Podsednik socks one; White Sox win 7-6 on walkoff homer

Monday, October 24, 2005

CHICAGO -- Scott Podsednik made it two electrifying home runs for the White Sox -- and two World Series wins.

Podsednik's home run off Brad Lidge in the ninth inning gave Chicago a 7-6 victory over the Houston Astros on Sunday night and put the White Sox halfway home to their first World Series title in 88 years.

"Incredible. What a ballgame," Podsednik said. "I was sitting on a fastball the entire at-bat."

After yet another disputed umpiring call, Paul Konerko capped a momentous week with a seventh-inning grand slam on reliever Chad Qualls' first pitch, giving the White Sox a 6-4 lead and sparking the crowd of 41,432 to life on a drizzly, dreary night.

But Chicago closer Bobby Jenks couldn't work his magic two nights in a row.

Jose Vizcaino, pinch-hitting for Adam Everett with two outs in the ninth, hit an opposite-field single to left off the burly reliever that drove in two runs and tied the game at 6-6. Chris Burke just beat Podsednik's on-target throw to score the tying run, slapping the plate with his hand, but Podsednik made sure in the bottom half that the game didn't go to extra innings.

Podsednik, who didn't have any home runs in 507 regular-season at-bats, hit his first of the season in the American League Division Series opener against Boston.

Podsednik came up with one out in the ninth against Lidge, who hadn't pitched since Game 5 of the NL Championship Series against St. Louis, when he gave up a mammoth three-run homer to Albert Pujols.

This one wasn't as long, but it was just as damaging.

Podsednik lofted the ball to right-center field, and players and fans craned to see whether it would clear the fence. When it did, Chicago players poured out of the dugout to greet Podsednik at the plate.

"Well, we're not in a good spot," Houston manager Phil Garner said. "We had a chance to win this ballgame. We have to go home and regroup. We'll make a series out of this."

Andy Pettitte had put his hometown team in position for its first World Series win, leaving after six innings with a 4-2 lead built largely by Lance Berkman, who had three RBIs.

Chicago pressured reliever Dan Wheeler on Juan Uribe's one-out double and Tadahito Iguchi's walk, and the White Sox loaded the bases when Jermaine Dye was awarded first base on a 3-2 pitch that umpires ruled hit his hand. Houston disputed the call and replays appeared to show the ball striking his bat.

If it had been ruled a foul ball, the count would have remained full on Dye. But he took first, Qualls relieved, and he left his first pitch over the plate. Konerko turned on it, and it went deep into the left-field bleachers.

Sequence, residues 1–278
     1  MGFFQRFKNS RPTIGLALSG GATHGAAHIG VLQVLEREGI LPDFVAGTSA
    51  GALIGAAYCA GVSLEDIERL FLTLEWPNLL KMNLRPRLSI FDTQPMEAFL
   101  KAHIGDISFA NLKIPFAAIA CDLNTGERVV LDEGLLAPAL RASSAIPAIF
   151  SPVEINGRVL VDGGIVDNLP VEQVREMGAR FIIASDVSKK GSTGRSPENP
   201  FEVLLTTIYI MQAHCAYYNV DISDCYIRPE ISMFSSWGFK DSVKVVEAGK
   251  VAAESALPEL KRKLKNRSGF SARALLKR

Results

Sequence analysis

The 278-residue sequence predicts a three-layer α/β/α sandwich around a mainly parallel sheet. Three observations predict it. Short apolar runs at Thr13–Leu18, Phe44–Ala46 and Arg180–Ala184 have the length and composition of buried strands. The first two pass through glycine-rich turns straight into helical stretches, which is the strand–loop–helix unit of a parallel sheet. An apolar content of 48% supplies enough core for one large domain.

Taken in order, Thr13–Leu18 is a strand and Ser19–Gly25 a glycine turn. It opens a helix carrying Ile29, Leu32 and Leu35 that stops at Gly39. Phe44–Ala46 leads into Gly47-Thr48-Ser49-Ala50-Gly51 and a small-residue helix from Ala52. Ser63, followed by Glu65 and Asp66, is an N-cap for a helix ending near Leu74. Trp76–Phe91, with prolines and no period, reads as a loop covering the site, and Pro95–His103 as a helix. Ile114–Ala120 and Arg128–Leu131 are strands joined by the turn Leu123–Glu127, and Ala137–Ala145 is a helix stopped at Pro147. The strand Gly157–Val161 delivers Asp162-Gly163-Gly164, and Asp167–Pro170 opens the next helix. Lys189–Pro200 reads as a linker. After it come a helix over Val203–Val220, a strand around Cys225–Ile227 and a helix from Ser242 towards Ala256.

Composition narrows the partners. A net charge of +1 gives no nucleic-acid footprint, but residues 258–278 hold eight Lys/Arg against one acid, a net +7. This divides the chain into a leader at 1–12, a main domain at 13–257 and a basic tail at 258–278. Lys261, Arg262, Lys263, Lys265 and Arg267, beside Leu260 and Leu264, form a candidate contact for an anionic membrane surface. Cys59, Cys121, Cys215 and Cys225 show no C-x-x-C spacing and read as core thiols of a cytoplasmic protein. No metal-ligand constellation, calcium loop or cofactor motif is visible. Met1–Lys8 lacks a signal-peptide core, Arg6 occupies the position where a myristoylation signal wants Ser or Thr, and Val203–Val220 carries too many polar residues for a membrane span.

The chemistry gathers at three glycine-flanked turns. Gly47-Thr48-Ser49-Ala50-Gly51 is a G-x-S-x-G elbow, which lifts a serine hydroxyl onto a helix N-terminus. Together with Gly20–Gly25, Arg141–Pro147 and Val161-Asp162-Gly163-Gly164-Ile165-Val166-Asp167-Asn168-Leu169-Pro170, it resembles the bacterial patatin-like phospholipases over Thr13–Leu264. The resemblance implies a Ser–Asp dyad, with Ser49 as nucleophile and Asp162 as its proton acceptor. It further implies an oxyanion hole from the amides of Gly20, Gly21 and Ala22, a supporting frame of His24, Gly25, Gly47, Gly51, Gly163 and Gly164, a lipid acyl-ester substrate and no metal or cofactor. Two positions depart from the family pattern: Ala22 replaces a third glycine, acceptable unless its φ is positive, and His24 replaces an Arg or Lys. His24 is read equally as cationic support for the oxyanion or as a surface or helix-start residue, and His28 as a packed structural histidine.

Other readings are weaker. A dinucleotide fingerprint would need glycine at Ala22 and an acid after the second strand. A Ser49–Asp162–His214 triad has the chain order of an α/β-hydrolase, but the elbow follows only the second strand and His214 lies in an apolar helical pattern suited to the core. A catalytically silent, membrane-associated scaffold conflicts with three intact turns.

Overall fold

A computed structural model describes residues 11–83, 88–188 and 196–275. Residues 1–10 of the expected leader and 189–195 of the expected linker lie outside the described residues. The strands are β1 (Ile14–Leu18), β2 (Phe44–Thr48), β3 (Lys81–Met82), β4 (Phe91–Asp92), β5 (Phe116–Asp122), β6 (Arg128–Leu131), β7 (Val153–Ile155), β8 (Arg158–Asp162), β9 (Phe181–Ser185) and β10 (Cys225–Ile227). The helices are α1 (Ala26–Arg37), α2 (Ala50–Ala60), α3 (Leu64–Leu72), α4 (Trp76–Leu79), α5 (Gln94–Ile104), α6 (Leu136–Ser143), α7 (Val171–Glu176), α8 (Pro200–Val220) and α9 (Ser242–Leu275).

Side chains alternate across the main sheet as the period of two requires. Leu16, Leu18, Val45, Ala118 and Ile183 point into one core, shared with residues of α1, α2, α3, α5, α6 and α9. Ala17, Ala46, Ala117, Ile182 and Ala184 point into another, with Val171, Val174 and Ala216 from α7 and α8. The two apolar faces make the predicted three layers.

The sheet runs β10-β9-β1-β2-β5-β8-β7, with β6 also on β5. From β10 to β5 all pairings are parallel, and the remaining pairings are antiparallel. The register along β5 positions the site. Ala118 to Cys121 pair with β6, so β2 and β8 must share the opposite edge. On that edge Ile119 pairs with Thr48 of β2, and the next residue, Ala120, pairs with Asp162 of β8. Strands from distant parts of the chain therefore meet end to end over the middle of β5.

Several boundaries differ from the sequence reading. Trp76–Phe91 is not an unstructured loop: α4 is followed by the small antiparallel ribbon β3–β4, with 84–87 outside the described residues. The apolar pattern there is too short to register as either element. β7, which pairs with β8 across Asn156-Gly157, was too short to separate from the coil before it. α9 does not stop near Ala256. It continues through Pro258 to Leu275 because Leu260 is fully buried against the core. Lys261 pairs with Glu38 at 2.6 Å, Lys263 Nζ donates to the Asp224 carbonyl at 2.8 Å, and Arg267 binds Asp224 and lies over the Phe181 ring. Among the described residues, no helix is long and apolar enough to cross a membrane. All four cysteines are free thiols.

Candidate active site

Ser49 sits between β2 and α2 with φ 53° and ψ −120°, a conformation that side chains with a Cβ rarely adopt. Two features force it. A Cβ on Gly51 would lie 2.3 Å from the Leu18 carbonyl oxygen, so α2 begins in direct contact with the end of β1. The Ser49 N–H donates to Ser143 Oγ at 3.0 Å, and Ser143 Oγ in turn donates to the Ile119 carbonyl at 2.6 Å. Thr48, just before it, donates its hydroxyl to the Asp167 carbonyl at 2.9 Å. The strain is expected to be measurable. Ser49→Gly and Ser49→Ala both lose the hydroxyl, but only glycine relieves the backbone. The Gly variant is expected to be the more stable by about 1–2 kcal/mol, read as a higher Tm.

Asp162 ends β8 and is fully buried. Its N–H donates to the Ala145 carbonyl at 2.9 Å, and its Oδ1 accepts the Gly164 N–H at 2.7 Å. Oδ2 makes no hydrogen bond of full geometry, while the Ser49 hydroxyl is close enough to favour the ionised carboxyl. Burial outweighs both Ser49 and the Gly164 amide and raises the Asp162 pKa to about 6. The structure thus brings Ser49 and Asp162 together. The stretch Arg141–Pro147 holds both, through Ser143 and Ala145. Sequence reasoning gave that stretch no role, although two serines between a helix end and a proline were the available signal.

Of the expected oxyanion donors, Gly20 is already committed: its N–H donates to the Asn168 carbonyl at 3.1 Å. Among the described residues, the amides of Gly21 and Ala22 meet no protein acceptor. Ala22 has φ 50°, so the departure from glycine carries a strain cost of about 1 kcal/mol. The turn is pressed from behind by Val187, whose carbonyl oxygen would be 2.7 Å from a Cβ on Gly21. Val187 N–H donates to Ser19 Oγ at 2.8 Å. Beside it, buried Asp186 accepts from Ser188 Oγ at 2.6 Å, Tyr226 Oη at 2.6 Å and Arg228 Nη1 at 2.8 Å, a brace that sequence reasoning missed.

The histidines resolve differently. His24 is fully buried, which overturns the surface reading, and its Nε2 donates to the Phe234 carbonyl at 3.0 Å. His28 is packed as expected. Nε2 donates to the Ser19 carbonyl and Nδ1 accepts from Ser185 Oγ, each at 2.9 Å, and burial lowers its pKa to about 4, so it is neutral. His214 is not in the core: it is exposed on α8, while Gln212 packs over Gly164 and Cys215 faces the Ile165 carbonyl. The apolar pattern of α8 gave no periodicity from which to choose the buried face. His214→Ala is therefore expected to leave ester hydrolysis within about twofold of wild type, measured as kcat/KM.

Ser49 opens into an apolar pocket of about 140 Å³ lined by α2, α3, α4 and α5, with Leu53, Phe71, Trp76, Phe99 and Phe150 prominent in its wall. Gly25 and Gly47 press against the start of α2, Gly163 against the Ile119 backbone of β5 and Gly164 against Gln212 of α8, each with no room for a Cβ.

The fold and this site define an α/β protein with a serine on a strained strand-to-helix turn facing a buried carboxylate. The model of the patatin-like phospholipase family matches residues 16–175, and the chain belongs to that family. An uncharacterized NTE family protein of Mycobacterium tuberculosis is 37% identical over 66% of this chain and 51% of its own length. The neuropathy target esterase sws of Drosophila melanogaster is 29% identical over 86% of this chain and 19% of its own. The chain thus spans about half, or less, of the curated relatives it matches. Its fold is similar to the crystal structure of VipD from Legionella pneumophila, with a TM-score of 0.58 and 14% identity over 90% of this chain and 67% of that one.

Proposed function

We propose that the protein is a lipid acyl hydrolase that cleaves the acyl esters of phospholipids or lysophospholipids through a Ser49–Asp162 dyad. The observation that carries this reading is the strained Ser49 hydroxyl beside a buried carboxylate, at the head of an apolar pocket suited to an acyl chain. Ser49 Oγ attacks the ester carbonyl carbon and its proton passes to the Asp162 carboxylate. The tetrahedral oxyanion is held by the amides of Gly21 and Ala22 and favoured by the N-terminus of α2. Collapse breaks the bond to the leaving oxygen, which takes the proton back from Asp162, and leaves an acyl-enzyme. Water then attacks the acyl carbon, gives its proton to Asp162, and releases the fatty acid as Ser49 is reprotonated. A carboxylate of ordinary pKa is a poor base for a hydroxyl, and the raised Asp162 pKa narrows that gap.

"I'm not going to tell him I fouled it off," Dye said. "Just go to first and, hopefully, we get a big hit and we did."

It was Konerko's fifth postseason homer and the first Series slam since the Yankees' Tino Martinez in 1998.

Rain started during batting practice, and it stopped and started throughout the game. The first pitch was delayed 7 minutes -- the first rain delay at the beginning of a Series game since 1993 -- and Pettitte repeatedly kicked the pitching rubber to knock mud out of his spikes.

It was 45 degrees when the game began.

While rain held off in the early going, it began again in the fifth, just before Berkman doubled down the left-field line to break a 2-2 tie.

Making his record 34th postseason start, Pettitte needed 54 pitches to get through the first three innings and allowed two runs in the second, but those were the only runs he gave up.

Morgan Ensberg led off the second with his first homer since Sept. 20 at Pittsburgh, and gave Houston its first lead of the Series.

Chicago went ahead 2-1 in the bottom of the inning with the help of some odd bounces. Aaron Rowand hit a one-hopper that Ensberg couldn't come up with at third and bounced into left for a single. A.J. Pierzynski hit a ball to left that sliced away from Burke, a relatively inexperienced outfielder who didn't start the opener. While the ball was catchable, it bounced off the wall at Burke's side, but Pierzynski was held to a single because Rowand went back to tag up and only reached second.

Joe Crede hit an opposite-field bloop single to right on the next pitch for his 10th postseason RBI, sending Pierzynski to third. Uribe popped to short right on the following pitch, and the ball bounced off the glove of second baseman Craig Biggio and dropped. Pierzynski scored on the fielder's choice, as right fielder Jason Lane threw to second for a forceout.

Willy Taveras tripled into the right-field corner in the third and made it 2-2 on Berkman's sacrifice fly.

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